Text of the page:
Podcasts & RSS Feeds
Most Active Stories
- An MSU physicist believes he has solved the "black hole information paradox"
- What you can do to help Michigan's bats
- This is doing more damage to Detroit than a hundred drug murders could have
- Biologists expect the worst for Michigan's bat population
- Join the Great Michigan Read story-writing contest
Mon March 4, 2013
How will the federal budget cuts affect Detroit Metro Airport?
As the Obama Administration began making its case against 'the sequester' - the mandatory, across-the-board budget cuts that were never supposed to happen - delays at airports was one of the big issues they highlighted.
Here's Transportation Secretary Ray LaHood at a press conference on Feb. 22, where he said more than $600 million will have to come out of the Federal Aviation Administration budget.
So what will this mean at Detroit Metro?
LaHood said the majority of FAA employees will be furloughed for one to two days per pay period.
Michael Martinez writes for the Detroit News that airport officials don't expect cuts this month, but they do expect them next month:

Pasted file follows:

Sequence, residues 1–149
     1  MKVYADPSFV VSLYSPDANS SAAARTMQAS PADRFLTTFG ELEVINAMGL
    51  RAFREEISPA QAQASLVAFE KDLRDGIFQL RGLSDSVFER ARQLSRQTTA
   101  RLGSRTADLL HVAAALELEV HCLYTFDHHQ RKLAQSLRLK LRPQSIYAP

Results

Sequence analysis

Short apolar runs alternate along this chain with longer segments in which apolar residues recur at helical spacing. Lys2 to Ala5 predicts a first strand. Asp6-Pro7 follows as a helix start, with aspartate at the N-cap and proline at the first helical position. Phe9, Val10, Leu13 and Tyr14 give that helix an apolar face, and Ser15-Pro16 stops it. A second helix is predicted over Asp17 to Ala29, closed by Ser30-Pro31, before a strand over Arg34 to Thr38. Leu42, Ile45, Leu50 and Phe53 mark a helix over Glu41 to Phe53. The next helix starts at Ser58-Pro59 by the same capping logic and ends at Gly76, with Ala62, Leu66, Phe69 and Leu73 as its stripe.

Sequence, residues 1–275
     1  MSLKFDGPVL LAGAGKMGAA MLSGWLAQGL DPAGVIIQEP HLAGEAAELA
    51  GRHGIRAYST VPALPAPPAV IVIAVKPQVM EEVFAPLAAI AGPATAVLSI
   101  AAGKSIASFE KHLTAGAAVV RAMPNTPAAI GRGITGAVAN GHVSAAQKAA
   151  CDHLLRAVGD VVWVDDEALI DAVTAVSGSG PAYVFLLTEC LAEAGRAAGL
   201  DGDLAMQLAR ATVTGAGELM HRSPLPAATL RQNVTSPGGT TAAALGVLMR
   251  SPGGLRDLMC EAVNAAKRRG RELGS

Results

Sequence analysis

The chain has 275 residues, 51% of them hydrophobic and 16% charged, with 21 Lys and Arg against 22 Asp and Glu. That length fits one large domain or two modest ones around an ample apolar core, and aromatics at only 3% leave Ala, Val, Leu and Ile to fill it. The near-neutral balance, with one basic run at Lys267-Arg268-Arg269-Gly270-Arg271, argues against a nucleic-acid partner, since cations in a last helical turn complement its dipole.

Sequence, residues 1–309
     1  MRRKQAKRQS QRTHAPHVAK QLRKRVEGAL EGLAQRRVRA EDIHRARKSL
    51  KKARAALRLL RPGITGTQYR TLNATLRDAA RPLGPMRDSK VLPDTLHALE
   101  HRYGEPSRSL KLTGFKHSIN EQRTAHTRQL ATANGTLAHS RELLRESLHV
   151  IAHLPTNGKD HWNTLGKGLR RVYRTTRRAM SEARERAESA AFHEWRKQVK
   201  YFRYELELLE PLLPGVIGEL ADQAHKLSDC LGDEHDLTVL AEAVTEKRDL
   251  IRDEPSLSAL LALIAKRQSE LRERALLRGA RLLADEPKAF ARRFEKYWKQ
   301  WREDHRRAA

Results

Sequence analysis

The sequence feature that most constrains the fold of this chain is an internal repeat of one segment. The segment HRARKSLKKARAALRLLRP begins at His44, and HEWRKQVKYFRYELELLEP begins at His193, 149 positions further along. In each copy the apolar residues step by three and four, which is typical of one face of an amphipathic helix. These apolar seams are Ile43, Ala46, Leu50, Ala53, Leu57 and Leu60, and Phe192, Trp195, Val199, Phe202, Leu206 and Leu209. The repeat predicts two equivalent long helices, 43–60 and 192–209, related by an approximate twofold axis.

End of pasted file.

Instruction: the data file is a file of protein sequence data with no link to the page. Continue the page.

Airport spokesman Scott Wintner said Detroit Metro is in a "wait-and-see mode" to see how the sequestration will affect operations at Michigan's largest airport. Any personnel cuts wouldn't likely happen until next month.
"There will certainly be impacts," he said. "But more immediately, we've been told not to expect any impact between now and April."
Wintner expects staff cuts to air traffic controllers, TSA officials, and Customs and Border Patrol agents.
The TSA issued a statement saying wait times will likely increase as they will have to implement a hiring freeze and cut down on overtime:
With TSA staffing levels decreasing over time, we expect that during busy travel periods wait times exceeding 30-40 minutes could double at nearly all of the largest airports. In addition, passengers who schedule their travel outside of peak flight schedules and plan to arrive close to their scheduled flight time may see their wait times now reach 30 minutes or more.
Some Republicans in Congress have argued that cutbacks on air traffic controllers should come only after cutting wasteful spending by the FAA.
But as Glenn Kessler of the Washington Post points out, it will be hard not to trim staffing levels when 71 percent of the FAA's budget goes to personnel costs.